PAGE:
New clinic posters for download from Young Deadly Free

Young Deadly Free, October 2018

The team at Young Deadly Free have been busy creating new posters with Aboriginal communities across Australia. The posters aim to get their key messages out to young people and others in a fresh, engaging way.

All of our posters highlight positive messages from people living and working in Aboriginal and Torres Strait Islander communities about the importance of STI and BBV testing.

  • View and download their 36 new posters here

Out at Work: from Prejudice to Pride report

RMIT University, 16 Aug 2018

Less than a third of LGBTIQ+ employees in Australia are out to all their colleagues and this significantly compromises their wellbeing and work performance, new research has found.

According to the Out at Work: from Prejudice to Pride report released today, roughly 25 per cent of employees were out to some people and almost 40 per cent were out to most people at work.

The report was based on an online survey of more than 1,600 LGBTIQ+ workers about their experiences, as well as face-to-face think tanks with more than 60 LGBTIQ+ employees working at various levels across a range of organisations and industries.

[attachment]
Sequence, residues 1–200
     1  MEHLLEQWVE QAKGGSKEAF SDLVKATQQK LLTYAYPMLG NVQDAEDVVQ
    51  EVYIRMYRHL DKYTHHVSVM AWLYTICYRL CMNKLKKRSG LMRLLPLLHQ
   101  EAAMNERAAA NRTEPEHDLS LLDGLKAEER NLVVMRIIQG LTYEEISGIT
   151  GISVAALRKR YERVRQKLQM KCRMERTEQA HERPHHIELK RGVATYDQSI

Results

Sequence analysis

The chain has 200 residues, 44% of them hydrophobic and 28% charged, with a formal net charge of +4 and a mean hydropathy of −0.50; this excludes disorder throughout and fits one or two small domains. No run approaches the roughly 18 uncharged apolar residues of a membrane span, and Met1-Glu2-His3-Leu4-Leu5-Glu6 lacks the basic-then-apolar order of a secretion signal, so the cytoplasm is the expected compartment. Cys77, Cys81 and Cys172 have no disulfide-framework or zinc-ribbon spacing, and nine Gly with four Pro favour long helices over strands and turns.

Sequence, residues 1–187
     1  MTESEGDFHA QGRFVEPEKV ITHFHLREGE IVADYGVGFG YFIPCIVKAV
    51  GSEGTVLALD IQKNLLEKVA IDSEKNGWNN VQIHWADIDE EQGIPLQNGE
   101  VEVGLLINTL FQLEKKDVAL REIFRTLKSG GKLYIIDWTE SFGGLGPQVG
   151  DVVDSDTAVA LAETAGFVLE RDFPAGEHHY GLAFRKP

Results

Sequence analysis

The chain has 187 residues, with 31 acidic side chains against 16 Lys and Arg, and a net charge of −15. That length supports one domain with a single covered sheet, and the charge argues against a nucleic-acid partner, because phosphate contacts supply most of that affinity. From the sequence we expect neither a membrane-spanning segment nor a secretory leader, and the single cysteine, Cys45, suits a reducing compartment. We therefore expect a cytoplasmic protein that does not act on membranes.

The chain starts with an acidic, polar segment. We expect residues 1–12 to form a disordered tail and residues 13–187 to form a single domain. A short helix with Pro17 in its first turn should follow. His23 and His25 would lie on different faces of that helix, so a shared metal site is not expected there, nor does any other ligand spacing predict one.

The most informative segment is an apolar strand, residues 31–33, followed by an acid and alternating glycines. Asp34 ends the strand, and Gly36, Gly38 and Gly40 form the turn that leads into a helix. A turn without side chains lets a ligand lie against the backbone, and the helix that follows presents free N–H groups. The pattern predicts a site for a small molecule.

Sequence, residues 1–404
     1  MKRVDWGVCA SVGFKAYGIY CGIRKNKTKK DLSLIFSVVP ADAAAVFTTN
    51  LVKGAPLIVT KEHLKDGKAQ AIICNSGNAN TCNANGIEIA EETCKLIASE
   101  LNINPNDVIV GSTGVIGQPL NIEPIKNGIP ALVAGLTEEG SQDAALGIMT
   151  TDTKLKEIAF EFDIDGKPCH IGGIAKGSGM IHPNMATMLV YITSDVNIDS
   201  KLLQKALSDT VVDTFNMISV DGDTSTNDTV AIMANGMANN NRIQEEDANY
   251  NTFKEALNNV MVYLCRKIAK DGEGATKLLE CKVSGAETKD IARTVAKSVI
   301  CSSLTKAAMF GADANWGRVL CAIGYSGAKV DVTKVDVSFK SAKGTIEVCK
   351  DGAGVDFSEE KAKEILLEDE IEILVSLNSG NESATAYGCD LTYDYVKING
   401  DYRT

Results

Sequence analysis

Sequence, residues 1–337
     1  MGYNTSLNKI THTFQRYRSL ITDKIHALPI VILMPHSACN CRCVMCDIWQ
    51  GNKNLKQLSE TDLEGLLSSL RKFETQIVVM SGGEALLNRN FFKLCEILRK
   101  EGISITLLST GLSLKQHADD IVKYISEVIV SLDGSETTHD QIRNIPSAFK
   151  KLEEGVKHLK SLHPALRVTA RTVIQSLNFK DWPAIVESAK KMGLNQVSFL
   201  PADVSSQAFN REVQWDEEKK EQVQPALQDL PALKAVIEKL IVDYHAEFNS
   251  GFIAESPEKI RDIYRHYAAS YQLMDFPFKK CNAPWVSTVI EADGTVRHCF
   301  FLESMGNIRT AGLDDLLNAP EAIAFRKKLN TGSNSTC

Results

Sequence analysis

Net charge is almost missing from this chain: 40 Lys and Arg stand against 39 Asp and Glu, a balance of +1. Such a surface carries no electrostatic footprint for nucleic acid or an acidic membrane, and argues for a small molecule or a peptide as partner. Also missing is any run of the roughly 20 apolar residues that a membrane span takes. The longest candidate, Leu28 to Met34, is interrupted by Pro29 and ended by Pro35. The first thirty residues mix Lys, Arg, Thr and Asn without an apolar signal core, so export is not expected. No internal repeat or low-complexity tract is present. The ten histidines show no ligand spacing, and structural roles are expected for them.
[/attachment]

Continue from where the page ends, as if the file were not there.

The joint RMIT and Diversity Council Australia (DCA) report highlighted the complexities related to coming out at work – from coming out multiple times a day, week or year; coming out to some colleagues but not others; and being outed against their will.

Workplace culture, genuine bold leadership and policies were identified as the keys to creating an environment where LGBTIQ+ staff felt safe to come out.

Overview of Aboriginal and Torres Strait Islander health status, 2017

Australian Indigenous HealthInfoNet, Last updated: 15 June 2018

The Overview of Aboriginal and Torres Strait Islander health status  aims to provide a comprehensive summary of the most recent indicators of the health and current health status of Australia’s Aboriginal and Torres Strait Islander people.

The initial sections of the Overview provide information about the context of Aboriginal and Torres Strait Islander health, population, and various measures of population health status. The remaining sections are about selected health conditions and risk and protective factors that contribute to the overall health of Aboriginal and Torres Strait Islander people. These sections comprise an introduction and evidence of the extent of the condition or risk/protective factor.

The annual Overview is a resource relevant for workers, students and others who need to access up-to-date information about Aboriginal and Torres Strait Islander health.

Accompanying the Overview is a set of PowerPoint slides designed to help lecturers and others provide up-to-date information.